The first project investigates the policies and practices inventors face at Canadian universities as they attempt to commercialize their inventions with the assistance of their university’s innovation or technology transfer offices. While the latter project investigates the legal implications of commercializing the intellectual property rights of public and private entities, and aims to tackle specific facets of commercialization.
“The Innovation Clinic is actually the petri dish for my research,” D’Agostino said. “The federal government’s investment in my research has helped to enable this partnership with CIGI, provide experiential learning opportunities for our students, and support under-resourced inventors and start-ups.”
About York University
York University is known for championing new ways of thinking that drive teaching and research excellence. Our students receive the education they need to create big ideas that make an impact on the world. Meaningful and sometimes unexpected careers result from cross-discipline programming, innovative course design and diverse experiential learning opportunities. York students and graduates push limits, achieve goals and find solutions to the world’s most pressing social challenges, empowered by a strong community that opens minds. York U is an internationally recognized research university – our 11 faculties and 26 research centres have partnerships with 200+ leading universities worldwide. Located in Toronto, York is the third largest university in Canada, with a strong community of 53,000 students, 7,000 faculty and administrative staff, and more than 295,000 alumni. York U’s fully bilingual Glendon campus is home to Southern Ontario’s Centre of Excellence for French Language and Bilingual Postsecondary Education.
The Centre for International Governance Innovation (CIGI) is an independent, non-partisan think tank with an objective and uniquely global perspective. CIGI’s research, opinions and public voice make a difference in today’s world by bringing clarity and innovative thinking to global policy making. The International Law Research Program at CIGI is a 10-year initiative, jointly funded by CIGI and the Ministry of Research and Innovation of the Province of Ontario. As an integrated multidisciplinary research and mentoring program, the ILRP provides leading academics, government and private sector legal experts, as well as graduate students and post-doctoral candidates from Canada and abroad, with the opportunity to contribute to improving the global rule of law.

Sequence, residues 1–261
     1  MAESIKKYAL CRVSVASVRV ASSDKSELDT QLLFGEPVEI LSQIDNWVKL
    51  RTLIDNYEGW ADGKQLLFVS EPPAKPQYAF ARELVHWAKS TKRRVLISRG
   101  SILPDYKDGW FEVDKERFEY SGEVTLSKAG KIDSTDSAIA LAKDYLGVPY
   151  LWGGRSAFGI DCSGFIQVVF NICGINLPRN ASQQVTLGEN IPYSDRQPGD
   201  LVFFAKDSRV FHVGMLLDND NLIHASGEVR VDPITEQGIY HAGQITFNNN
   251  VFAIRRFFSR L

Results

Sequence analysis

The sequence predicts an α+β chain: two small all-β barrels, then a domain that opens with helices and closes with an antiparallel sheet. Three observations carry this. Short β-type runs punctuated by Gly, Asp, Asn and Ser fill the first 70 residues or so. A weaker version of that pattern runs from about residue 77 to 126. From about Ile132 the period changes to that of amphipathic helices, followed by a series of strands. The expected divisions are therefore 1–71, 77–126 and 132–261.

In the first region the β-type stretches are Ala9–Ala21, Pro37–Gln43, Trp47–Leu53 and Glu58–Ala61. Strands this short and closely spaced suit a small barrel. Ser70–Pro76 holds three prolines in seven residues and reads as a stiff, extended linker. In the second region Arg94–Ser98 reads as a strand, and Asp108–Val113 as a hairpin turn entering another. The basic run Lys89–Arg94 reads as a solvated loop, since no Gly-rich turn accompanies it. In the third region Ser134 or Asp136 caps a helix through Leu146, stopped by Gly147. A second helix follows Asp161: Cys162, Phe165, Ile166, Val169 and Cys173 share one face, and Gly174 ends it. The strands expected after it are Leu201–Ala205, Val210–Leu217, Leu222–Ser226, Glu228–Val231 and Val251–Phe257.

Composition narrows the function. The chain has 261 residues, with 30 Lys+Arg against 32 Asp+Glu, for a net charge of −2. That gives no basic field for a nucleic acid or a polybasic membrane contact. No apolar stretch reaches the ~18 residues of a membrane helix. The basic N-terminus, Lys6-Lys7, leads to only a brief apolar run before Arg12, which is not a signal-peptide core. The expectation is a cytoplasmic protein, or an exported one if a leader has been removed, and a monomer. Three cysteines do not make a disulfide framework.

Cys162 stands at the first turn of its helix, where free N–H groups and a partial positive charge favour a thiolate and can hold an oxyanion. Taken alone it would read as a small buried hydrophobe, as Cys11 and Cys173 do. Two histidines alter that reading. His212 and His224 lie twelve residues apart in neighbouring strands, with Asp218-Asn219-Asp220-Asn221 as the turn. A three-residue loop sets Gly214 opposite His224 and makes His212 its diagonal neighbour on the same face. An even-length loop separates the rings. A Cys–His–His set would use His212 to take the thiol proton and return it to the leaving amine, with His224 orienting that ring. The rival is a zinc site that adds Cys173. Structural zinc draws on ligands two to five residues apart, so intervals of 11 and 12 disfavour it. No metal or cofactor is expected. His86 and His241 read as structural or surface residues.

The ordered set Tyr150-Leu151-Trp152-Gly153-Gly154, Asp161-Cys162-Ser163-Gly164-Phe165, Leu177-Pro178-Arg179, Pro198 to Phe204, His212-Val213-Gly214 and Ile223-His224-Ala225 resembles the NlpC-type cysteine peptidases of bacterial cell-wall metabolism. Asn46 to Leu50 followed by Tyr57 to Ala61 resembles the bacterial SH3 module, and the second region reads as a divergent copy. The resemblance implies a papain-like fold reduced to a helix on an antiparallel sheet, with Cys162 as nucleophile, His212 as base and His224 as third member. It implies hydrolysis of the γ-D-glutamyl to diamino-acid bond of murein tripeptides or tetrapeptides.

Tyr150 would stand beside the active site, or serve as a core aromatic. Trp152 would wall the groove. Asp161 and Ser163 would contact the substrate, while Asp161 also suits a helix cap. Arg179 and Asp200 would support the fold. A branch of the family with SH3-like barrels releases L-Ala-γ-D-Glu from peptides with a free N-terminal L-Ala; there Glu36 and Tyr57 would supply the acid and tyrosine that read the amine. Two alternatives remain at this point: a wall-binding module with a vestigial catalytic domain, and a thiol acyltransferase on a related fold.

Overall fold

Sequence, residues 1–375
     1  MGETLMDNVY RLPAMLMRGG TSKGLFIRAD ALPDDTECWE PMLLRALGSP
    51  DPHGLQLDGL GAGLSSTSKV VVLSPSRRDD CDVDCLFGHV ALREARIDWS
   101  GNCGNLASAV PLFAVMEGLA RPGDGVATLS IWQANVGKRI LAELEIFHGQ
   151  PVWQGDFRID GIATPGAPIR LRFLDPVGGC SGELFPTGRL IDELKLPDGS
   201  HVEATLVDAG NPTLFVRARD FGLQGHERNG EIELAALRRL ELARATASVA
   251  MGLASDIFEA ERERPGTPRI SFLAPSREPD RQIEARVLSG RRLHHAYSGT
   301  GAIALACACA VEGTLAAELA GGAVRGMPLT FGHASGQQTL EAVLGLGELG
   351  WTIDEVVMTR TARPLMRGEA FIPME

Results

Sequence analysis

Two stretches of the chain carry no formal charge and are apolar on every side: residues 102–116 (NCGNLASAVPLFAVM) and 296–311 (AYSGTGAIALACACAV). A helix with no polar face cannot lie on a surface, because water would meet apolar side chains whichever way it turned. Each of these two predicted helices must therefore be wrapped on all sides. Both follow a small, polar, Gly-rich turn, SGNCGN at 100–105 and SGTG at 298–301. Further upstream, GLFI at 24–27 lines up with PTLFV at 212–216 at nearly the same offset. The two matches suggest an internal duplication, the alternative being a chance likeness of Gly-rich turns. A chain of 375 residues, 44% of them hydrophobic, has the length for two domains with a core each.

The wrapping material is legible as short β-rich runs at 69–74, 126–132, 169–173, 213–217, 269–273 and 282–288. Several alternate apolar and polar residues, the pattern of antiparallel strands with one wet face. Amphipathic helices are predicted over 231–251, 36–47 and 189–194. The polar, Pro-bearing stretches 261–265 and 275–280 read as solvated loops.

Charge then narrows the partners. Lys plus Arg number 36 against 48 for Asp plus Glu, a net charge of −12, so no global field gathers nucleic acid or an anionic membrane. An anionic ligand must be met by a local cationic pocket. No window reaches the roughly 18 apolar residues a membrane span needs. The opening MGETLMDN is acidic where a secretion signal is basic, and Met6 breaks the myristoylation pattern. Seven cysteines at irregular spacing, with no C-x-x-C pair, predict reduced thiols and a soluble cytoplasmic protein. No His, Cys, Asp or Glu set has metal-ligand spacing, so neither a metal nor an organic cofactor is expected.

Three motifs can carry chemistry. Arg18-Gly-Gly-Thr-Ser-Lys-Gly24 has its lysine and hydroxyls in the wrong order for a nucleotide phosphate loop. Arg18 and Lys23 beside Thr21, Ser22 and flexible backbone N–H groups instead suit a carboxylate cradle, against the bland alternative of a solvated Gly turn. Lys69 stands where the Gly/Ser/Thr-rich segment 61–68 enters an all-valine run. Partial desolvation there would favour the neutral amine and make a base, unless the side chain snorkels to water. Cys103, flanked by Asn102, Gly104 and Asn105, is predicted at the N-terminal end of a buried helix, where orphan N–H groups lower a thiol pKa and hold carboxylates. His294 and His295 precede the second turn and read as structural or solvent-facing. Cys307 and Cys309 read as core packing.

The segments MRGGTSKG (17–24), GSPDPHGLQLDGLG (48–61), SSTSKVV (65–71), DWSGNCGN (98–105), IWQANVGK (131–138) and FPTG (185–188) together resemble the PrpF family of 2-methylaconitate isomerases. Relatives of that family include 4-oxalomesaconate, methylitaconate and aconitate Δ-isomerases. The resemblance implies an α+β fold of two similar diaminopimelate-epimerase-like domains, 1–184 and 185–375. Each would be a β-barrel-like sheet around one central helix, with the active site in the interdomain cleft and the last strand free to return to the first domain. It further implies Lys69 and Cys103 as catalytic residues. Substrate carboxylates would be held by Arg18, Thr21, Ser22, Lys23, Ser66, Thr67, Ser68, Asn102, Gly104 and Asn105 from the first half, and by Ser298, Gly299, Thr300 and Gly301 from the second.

About IP Osgoode
Conceptualized & founded in 2008 by Prof Giuseppina D’Agostino, IP Osgoode, the Intellectual Property (IP) Law and Technology Program at Osgoode Hall Law School, is an independent and authoritative voice which explores legal governance issues at the intersection of intellectual property and technology. IP Osgoode cultivates interdisciplinary, comparative and transnational research, collaboration, policy-thinking and practice on the basis of a tight connection between teaching, research and clinical action. IP Osgoode has put Osgoode and York University on the map in the global IP debate. We aim to influence the IP debate in Canada and internationally by educating our students and collaborating with the IP community in Canada and worldwide. Together, we have built an innovative program that is cutting-edge and completely unique to Osgoode.
Virginia Corner, Communications Manager, Osgoode Hall Law School of York University, 416-736-5820, firstname.lastname@example.org
Mary Taws, Communications Advisor, International Law Research Program, Centre for International Governance Innovation, 1-519-885-2444, ext. 7353, email@example.com